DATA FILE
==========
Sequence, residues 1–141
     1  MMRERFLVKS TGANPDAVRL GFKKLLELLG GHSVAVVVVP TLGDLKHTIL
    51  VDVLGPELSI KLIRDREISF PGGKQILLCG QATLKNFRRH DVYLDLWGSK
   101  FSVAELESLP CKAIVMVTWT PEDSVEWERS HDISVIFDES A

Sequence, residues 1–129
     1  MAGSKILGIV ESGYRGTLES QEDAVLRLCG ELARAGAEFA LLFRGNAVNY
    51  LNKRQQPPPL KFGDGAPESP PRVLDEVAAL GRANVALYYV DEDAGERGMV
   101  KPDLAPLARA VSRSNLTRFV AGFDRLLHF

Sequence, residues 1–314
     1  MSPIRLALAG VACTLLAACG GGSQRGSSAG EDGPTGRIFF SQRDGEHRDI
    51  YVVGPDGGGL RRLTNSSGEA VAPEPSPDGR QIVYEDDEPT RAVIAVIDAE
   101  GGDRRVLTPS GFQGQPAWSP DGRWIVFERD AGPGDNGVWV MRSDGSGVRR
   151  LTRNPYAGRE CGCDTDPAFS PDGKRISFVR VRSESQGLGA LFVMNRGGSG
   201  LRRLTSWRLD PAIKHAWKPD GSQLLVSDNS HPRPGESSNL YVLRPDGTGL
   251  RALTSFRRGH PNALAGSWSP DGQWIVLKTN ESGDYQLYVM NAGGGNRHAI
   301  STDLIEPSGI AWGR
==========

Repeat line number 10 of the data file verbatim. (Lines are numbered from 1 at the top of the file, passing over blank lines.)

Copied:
     1  MSPIRLALAG VACTLLAACG GGSQRGSSAG EDGPTGRIFF SQRDGEHRDI